Many of the comedy films in which Van Dyke starred throughout the 1960s were relatively unsuccessful at the box office, including What a Way to Go!, Lt. Robin Crusoe, U.S.N., Fitzwilly, The Art of Love, Some Kind of a Nut, Never a Dull Moment, and Divorce American Style. He also starred (with his native accent, despite the English setting) in the musical Chitty Chitty Bang Bang (1968), which co-starred Sally Ann Howes and featured songs by the Sherman Brothers
In 1969, Van Dyke appeared in the dramedy The Comic, written and directed by Carl Reiner. Van Dyke portrayed a self-destructive silent-film era comedian who struggles with alcoholism, depression and his own rampant ego. Reiner wrote the film especially for Van Dyke, who often spoke of his admiration for silent film era comedians such as Charlie Chaplin and his hero Stan Laurel. He also began starring in a series of commercials as a spokesperson for Kodak.
In 1973, Van Dyke voiced his animated likeness for the October 27, 1973, installment of Hanna-Barbera's The New Scooby-Doo Movies, "Scooby-Doo Meets Dick Van Dyke", the series' final first-run episode. The following year, he received an Emmy Award nomination for his role as an alcoholic businessman in the television movie The Morning After (1974). Van Dyke revealed after its release that he had recently overcome a real-life drinking problem. That same year, he guest-starred as a murdering photographer on an episode of Columbo.
Van Dyke returned to comedy in 1976 with the sketch comedy show Van Dyke and Company, which co-starred Andy Kaufman and Super Dave Osborne. Despite being cancelled after three months, the show won an Emmy Award for Outstanding Comedy-Variety Series. For the next decade, he appeared mostly in low-rated TV movies. One exception was an atypical role as a murdering judge on the first episode of the TV series Matlock in 1986 starring Andy Griffith. In 1989, he guest-starred on the NBC comedy series The Golden Girls, portraying a lover of Beatrice Arthur's character. This role earned him his first Emmy Award nomination since 1977.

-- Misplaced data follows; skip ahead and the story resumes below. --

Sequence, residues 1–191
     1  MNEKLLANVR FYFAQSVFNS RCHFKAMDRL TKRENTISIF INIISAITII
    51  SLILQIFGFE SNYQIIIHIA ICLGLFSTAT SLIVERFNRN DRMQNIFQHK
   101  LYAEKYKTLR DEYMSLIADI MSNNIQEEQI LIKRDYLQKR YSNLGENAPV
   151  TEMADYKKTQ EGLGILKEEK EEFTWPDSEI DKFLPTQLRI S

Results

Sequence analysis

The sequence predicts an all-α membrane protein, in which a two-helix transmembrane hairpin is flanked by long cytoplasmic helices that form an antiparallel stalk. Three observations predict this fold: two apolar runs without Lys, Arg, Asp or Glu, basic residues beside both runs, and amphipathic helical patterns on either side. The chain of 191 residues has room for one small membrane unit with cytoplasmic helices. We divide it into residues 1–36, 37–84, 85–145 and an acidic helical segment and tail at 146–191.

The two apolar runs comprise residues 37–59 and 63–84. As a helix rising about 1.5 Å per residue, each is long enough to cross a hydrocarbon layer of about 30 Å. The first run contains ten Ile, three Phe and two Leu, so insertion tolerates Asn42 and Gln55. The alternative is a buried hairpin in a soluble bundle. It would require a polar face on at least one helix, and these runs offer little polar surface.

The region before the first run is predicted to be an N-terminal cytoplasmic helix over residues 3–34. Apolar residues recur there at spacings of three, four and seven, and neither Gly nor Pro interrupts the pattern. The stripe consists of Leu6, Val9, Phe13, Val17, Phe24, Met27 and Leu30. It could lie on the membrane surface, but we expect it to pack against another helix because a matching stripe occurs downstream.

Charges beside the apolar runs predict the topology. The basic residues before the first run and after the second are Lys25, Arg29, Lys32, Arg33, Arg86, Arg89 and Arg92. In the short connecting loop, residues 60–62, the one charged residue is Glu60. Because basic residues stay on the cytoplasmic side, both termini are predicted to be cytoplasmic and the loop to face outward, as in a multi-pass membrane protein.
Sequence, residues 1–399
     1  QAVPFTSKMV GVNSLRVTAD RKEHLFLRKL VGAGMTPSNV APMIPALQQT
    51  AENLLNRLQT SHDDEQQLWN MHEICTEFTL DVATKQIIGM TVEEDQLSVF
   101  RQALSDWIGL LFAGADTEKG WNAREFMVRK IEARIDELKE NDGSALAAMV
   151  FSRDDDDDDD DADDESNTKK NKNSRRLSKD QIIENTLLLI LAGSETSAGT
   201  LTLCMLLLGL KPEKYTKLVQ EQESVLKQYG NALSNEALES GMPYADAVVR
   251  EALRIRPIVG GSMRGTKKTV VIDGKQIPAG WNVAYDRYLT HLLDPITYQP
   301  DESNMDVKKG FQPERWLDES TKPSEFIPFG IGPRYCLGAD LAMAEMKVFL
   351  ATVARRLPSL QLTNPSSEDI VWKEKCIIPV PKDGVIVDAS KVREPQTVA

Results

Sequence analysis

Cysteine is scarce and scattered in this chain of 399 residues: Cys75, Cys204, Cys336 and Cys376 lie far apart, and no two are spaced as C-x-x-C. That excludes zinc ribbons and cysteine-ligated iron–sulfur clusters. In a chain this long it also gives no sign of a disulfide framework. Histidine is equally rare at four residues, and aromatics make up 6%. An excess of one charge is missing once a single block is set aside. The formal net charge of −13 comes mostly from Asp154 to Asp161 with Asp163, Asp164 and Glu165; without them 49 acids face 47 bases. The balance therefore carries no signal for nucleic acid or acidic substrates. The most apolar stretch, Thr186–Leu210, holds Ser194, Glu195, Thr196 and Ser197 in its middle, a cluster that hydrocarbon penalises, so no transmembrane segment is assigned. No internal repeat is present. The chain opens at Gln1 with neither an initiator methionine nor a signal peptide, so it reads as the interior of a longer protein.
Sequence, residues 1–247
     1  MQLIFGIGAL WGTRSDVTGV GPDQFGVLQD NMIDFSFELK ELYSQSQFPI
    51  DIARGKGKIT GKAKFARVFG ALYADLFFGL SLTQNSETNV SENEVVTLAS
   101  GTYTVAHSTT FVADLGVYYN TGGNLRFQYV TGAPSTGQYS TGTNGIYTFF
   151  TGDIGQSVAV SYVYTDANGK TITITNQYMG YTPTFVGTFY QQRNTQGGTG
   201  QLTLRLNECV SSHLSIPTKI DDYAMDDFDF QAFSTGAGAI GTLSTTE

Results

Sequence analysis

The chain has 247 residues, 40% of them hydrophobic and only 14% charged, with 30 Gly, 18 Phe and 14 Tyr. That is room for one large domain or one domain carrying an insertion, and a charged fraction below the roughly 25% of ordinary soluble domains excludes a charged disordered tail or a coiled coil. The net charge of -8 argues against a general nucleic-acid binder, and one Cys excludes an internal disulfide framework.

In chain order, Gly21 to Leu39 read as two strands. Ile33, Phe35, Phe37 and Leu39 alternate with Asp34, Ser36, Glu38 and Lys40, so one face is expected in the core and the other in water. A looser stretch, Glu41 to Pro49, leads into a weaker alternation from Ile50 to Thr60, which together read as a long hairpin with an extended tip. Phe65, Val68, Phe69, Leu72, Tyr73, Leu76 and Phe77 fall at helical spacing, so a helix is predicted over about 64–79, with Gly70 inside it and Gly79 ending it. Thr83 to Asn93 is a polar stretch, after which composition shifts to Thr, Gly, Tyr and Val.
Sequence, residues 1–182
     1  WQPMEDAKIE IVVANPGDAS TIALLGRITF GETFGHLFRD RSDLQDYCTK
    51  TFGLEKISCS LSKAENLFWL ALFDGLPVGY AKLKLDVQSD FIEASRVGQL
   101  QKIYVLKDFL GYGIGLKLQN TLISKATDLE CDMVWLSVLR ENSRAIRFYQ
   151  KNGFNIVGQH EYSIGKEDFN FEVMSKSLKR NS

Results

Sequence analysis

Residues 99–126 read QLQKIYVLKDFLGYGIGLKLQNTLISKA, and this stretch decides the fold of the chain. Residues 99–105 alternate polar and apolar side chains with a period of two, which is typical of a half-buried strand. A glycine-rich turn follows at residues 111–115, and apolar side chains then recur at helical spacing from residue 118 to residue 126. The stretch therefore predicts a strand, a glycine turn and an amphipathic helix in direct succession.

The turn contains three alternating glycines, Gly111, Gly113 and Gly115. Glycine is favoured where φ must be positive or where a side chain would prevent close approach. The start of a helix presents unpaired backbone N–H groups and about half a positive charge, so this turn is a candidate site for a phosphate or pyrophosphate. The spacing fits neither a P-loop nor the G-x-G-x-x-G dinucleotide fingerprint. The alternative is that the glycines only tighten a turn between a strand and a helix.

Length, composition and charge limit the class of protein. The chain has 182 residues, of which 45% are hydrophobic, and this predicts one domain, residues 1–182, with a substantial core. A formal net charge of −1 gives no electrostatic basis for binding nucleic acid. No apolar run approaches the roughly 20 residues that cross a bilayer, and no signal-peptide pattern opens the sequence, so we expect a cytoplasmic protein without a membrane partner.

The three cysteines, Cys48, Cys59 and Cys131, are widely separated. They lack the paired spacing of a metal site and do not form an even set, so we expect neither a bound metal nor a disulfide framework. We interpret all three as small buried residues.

In 1990, Van Dyke, whose usual role had been the amiable hero, took a small but villainous turn as the crooked D.A. Fletcher in Warren Beatty's film Dick Tracy. The reviews he received for Tracy led him to star in a series of TV movies on CBS that became the foundation for his popular television drama Diagnosis: Murder, which ran from 1993 to 2001. He first played the character Dr. Mark Sloan in an episode of Jake and the Fatman. He continued to find television work after the show ended, including a dramatically and critically successful performance of The Gin Game, produced for television in 2003, that reunited him with Mary Tyler Moore. In 2003, he portrayed a doctor on Scrubs, and in 2006, he guest-starred as college professor Dr. Jonathan Maxwell for a series of Murder 101 mystery films on the Hallmark Channel.
Van Dyke returned to motion pictures in 2006 with Curious George as Mr. Bloomsberry and as villain Cecil Fredericks in the Ben Stiller film Night at the Museum. He reprised the role in a cameo for the sequel, Night at the Museum: Battle of the Smithsonian but it was cut from the film. It can be found in the special features on the DVD release.
Van Dyke received a Grammy Award for his performance on the soundtrack to Mary Poppins.
One of Van Dyke's modern passions is producing 3D computer graphics. He is credited with the creation of a 3D rendered effect shown in Diagnosis: Murder, and continues to work with LightWave 3D.
In 2010, Van Dyke appeared on a children's album titled Rhythm Train, with Red Hot Chili Peppers drummer Chad Smith and singer Leslie Bixler. Van Dyke raps on one of the album's tracks. The album is available through the Internet.
Van Dyke was born in West Plains, Missouri, to Loren (nickname "Cookie") and Hazel (née McCord) Van Dyke, but grew up in Danville, Illinois. He is the older brother of actor Jerry Van Dyke, who is best known for his role on the TV series Coach. He is of Dutch descent on his father's side. His mother, as a Mayflower descendant, is of pure English extraction but also carries additional Scottish ancestry.